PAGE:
It is almost an hour past noon as the Hindu gymkhana overlooks the sensational Marine Drive with the sun beating down at 30°C. It is so windy and breezy that one might quip about the weather orchestrating an eventful day for a bit of cricket; and quite rightly so.
Josh Poysden is getting the ball to drift and flight beautifully. His energy is apparent in the field. Opening the bowling, he has bowled a couple of half trackers, full length deliveries, conceded runs at a miserly economy and has appealed quite animatedly but in vain. You can almost sense there is a wicket in the offing.
The build-up is exciting. Heck, what’s not exciting about a young leg spinner ripping the ball hard on dusty pitches?
He notices me watching the game from the sidelines and greets me with a friendly ‘namaste’ as he goes back to his fielding spot at mid-on after bowling two unchanged overs- not quite odd after you have seen Samuel Badree and Sandeep Lamichhane bowl in the powerplay.
In just his third over, he raps a local batsman LBW and is quite satisfied with one of his latest variations he has worked hard on working in his favour: a flipper which started on off, swung in a bit, stayed in the air longer and did the batsman for length.
The former Warwickshire leg-spinner, who is now contracted to Yorkshire, is on a week-long tour to Mumbai along with Somerset Academy players and County cricketers from Yorkshire, Leicestershire and Derbyshire.
In a candid interview, he talks about the tour, his experience bowling alongside Jeetan Patel and how Stuart MacGill is only a phone call away for any bowling tips.
“The English winter is quite long so it is nice to get some sun and a lot of cricket outside”, he quips about the weather. When asked about his tour highlights, he adds, “The highlight has probably been a mixture of being able to play some games and be able to experience new conditions in terms of bowling a lot of overs in the nets before the new season begins. Also, as someone who bats lower down the order you don’t always get the opportunity to face bowlers, so it has been quite an opportunity to face Indian bowlers here. Good practice in terms of that. Off the field, I have enjoyed getting stuck into the Indian culture and learning a few bits of Hindi here and there. I have been to Pune seven years ago. Mumbai is different but quite a nice city!”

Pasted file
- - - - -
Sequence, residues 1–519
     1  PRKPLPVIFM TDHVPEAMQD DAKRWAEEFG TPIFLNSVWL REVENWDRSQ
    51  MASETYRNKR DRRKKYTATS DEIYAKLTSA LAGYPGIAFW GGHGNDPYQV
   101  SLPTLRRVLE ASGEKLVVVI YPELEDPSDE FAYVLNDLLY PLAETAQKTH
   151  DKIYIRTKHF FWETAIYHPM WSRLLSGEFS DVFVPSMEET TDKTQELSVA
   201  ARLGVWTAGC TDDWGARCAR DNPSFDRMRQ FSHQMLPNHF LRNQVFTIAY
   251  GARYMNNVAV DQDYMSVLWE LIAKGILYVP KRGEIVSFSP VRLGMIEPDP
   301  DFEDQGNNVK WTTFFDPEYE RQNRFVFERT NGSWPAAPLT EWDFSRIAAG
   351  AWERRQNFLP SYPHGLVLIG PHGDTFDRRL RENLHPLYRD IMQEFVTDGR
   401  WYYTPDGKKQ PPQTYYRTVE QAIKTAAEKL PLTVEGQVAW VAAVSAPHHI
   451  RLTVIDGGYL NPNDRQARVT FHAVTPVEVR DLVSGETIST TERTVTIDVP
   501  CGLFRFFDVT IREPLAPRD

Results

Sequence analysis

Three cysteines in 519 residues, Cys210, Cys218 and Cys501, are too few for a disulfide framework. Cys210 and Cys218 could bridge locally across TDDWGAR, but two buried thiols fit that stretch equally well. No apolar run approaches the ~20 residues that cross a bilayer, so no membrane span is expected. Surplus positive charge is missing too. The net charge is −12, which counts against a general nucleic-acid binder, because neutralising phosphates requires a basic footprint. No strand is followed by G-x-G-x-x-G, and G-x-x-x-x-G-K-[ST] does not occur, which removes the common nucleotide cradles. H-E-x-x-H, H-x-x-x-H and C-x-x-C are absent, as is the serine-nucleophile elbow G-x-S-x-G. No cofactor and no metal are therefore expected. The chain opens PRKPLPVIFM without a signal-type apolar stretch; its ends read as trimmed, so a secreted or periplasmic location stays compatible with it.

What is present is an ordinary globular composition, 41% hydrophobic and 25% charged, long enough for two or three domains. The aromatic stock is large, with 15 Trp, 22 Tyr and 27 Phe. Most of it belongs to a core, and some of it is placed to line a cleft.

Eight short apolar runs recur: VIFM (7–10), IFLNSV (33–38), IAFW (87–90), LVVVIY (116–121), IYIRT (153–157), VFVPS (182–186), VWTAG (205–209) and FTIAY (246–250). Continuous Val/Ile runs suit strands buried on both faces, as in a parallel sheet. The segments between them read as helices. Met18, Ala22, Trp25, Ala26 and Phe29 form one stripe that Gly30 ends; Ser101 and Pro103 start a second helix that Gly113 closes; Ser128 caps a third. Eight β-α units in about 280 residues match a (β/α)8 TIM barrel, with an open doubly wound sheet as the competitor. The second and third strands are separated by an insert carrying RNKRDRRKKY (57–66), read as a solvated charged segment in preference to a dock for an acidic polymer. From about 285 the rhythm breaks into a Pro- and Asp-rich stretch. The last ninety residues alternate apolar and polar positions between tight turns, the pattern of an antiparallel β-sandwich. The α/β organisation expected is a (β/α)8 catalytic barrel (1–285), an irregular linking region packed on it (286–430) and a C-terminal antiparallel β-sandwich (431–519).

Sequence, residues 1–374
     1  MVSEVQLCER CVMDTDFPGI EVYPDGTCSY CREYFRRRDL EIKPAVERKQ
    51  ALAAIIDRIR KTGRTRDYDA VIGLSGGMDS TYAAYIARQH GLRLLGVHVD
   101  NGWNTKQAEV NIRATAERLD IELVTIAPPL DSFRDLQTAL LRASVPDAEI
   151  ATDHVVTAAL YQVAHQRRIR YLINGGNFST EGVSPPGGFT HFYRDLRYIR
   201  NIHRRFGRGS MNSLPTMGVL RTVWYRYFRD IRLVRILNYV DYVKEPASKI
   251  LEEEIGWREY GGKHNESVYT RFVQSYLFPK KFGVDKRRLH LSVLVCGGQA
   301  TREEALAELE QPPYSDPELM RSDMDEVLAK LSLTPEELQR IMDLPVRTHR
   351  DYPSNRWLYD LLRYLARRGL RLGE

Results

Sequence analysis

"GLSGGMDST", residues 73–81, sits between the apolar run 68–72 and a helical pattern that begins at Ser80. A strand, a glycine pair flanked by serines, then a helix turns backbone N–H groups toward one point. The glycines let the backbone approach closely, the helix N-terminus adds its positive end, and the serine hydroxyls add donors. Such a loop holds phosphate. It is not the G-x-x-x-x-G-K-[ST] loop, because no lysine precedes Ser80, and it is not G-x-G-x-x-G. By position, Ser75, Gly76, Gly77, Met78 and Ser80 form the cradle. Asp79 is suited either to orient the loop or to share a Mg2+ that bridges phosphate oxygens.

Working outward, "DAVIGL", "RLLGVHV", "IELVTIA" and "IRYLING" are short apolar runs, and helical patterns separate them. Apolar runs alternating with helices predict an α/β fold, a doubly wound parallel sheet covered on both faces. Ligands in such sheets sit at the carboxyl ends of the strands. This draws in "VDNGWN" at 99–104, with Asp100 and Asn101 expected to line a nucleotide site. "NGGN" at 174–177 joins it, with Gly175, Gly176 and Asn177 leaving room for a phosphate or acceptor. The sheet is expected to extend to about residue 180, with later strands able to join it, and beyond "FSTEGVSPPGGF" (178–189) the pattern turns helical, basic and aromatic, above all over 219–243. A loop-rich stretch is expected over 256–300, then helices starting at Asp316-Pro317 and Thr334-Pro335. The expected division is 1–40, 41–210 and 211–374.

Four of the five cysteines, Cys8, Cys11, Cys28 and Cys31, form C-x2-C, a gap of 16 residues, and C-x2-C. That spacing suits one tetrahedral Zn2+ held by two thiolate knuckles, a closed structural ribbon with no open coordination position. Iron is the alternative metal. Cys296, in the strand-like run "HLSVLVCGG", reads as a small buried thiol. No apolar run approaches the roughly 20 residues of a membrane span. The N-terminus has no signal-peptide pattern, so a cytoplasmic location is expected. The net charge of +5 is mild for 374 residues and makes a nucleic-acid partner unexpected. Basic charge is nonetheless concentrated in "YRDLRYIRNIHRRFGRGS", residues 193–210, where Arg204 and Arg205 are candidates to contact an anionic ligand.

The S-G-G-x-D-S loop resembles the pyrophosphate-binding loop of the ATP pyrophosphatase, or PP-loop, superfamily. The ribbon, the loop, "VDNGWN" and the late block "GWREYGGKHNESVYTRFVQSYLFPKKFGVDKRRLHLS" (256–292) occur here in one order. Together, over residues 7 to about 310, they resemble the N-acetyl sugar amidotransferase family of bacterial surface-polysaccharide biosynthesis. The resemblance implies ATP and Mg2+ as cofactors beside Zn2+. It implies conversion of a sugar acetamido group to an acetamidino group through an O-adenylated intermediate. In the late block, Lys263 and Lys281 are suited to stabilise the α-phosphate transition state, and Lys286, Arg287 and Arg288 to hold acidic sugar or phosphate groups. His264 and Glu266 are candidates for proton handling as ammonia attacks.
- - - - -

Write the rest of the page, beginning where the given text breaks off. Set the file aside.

Apart from netting down a lot of overs and games against local clubs, he has had the chance to work along side local coaches who have helped him with the technical aspects of spin bowling but overall, Poysden is quite comfortable with his action and has focused on absorbing as much as he can from the experience.
“About my bowling, it was about getting those overs in outside because there is only so much you get by bowling in indoor schools back home. I am pretty comfortable with my action in terms of technicalities at the moment. I have had the chance to train with Sairaj Bahutule (former Indian leg-spinner and spin-bowling coach of Rajasthan Royals). Having Matt Critchley (from Derbyshire), another leg-spinner here is good as we talk lots of spin bowling, something you cannot always do at length. I bumped into an old coach of mine from Pune and we spoke about a few things in terms of bowling. It was all about picking little hints and tips but I have got quite a comfortable action so not much to work upon apart from few tactical tips the Indian coaches told me about which was quite helpful. “